Review: That Thing We Call A Heart by Sheba Karim

Not going to lie, I was SUPER excited to read this book. I’m a huge fan of Urdu poetry and chicklit so this was my two favourite things combined.

The story follows newly graduated Shabnam who is trying to get over the fact that her best friend Farrah has started wearing the hijab. She looks forward to a lazy summer until she meets charismatic Jamie at her new job at the pie shack. Shabnam falls head over heels in love and begins comparing herself to common allusions in Urdu poetry. Meanwhile, Farrah worries about Jamie. What could possible go wrong?

When I first found out that this was about a Pakistani-American, I thought the portrayal would be more… conventional. The book begins with Shabnam doing jello shots at a party and then makes out with a boy in a hot tub. I don’t believe in policing the way people believe in religion but there’s nothing mildly Muslim or Pakistani about Shabnam other than the fact that her parents are Pakistani. She can’t speak Urdu fluently, she says she doesn’t really believe in God, and she had no idea what her family’s background is. She might as well be a white girl obsessed with Urdu poetry because that’s what she is. If she drank and had sex while still believing in God, I might’ve accepted that this book portrayed Muslim Americans but she didn’t even do that.

As for Shabnam as a character, she seemed shallow and selfish. She didn’t care about other people’s feelings and in general was very unlikable. Everything she did seemed to be for her own benefit and she viewed everyone through this whitewashed lens. She was tolerable at most. I couldn’t relate to her on any level and she was like every other “summer fling” heroine but more obnoxious.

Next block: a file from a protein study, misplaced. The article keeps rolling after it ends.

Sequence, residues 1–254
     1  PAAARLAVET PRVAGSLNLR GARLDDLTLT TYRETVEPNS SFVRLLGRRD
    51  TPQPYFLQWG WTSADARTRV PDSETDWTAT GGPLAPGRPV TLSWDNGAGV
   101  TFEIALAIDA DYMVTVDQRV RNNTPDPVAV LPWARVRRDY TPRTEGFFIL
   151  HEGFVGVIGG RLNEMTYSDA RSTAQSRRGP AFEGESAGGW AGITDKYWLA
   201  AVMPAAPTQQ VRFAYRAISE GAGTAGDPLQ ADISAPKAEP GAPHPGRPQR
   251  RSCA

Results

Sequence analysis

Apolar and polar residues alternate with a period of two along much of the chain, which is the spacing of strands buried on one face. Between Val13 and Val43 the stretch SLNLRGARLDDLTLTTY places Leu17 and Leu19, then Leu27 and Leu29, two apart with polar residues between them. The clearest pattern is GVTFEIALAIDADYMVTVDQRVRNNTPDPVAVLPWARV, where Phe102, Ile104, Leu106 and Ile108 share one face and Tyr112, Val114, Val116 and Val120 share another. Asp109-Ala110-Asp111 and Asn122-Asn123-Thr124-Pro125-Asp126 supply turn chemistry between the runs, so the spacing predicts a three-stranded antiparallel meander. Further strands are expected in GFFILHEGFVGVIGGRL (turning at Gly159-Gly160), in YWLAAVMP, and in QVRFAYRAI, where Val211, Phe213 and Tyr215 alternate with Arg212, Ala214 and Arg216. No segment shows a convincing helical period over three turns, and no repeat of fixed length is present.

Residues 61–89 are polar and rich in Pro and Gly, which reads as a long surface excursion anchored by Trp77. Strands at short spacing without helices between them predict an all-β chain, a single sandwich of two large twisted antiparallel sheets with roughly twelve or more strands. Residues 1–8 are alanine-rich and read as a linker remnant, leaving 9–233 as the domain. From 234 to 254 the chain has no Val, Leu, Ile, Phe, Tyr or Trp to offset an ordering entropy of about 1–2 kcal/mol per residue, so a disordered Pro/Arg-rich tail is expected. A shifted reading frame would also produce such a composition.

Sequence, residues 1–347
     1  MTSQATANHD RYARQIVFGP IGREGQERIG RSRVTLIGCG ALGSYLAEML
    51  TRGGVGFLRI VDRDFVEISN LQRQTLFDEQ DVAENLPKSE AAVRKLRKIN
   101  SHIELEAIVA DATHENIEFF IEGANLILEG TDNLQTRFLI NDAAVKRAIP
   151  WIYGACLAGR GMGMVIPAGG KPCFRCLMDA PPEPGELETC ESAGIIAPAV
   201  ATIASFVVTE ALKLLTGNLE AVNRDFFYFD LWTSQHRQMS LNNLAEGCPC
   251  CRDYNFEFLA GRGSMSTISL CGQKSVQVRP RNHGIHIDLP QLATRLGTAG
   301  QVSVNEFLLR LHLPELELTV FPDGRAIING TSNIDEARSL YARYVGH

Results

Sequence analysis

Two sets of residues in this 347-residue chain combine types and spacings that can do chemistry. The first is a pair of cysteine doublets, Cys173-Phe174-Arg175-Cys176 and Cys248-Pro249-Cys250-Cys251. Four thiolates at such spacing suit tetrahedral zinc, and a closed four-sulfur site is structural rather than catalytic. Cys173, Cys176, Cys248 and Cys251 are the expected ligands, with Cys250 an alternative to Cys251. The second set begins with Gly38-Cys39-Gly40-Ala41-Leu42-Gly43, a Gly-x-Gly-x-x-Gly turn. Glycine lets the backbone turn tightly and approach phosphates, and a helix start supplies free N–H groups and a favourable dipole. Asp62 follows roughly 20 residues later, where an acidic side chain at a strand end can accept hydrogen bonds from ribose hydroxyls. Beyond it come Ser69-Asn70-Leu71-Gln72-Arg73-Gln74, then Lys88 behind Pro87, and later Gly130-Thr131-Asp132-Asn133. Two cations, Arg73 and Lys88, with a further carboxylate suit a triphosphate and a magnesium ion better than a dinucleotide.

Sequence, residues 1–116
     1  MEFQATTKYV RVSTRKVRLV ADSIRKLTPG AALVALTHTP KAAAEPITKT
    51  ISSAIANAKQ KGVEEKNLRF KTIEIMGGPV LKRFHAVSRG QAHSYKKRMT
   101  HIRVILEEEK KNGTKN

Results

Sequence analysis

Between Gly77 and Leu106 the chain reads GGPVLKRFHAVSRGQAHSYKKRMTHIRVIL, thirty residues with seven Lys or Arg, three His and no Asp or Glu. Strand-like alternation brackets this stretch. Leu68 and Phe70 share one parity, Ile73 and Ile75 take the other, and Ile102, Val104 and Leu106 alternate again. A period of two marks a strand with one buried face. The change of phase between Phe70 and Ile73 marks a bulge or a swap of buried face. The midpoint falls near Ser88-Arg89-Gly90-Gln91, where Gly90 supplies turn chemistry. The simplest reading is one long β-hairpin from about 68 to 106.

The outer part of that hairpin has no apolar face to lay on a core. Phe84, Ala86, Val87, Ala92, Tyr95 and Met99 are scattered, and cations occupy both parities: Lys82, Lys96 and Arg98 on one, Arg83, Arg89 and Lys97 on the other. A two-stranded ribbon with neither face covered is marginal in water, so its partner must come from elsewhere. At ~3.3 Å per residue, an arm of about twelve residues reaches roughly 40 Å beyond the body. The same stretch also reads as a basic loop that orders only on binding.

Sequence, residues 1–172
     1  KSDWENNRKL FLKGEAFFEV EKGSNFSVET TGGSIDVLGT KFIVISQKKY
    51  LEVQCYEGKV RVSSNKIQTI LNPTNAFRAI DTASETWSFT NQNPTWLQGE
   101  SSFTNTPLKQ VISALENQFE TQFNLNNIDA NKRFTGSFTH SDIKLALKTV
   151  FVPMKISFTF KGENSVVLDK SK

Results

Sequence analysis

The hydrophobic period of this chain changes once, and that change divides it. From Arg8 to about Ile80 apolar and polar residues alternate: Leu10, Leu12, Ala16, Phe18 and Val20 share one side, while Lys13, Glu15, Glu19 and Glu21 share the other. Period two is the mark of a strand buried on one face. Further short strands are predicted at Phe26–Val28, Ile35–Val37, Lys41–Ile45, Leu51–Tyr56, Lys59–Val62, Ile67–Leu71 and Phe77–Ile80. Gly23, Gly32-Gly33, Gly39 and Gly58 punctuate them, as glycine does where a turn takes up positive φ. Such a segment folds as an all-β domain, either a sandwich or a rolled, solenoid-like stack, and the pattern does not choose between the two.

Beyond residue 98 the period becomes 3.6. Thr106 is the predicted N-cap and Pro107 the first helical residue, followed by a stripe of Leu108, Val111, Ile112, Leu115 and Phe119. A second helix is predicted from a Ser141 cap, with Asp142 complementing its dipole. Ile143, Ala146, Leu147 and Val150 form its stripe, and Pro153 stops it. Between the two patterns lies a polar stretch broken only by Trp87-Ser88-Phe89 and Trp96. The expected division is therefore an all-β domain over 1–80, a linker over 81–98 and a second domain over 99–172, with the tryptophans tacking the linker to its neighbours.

As for Jamie, he was the most cookie cutter boy love interest I’ve ever seen. Boy had no personality and just showed how desperate Shabnam was. If that was the point, well done. I mean, he says he likes chicken tikka and you profess your love to him? Pathetic.

Strangely enough, the other characters were beautifully written. From Farrah to Chotay Dada to Shabnam’s eccentric father to Dino. I loved every single one of them. Especially Farrah. I wish more insight into her life because she was an amazing character. The personalities of the supporting characters really shone through while Shabnam’s personality embodied a wet blanket. Most of the time, I just felt bad for these characters because they deserved so much more.

I wish there was more of the Urdu poetry element. Or that it was explored to a greater depth. The analysis and understanding that Shabnam had was really shallow. Urdu poetry is never just about love and I don’t think the book explored that notion enough.

Final Thoughts: Read for the characters or if you want a quick book about a summer fling. Don’t expect loads of Urdu poetry though.




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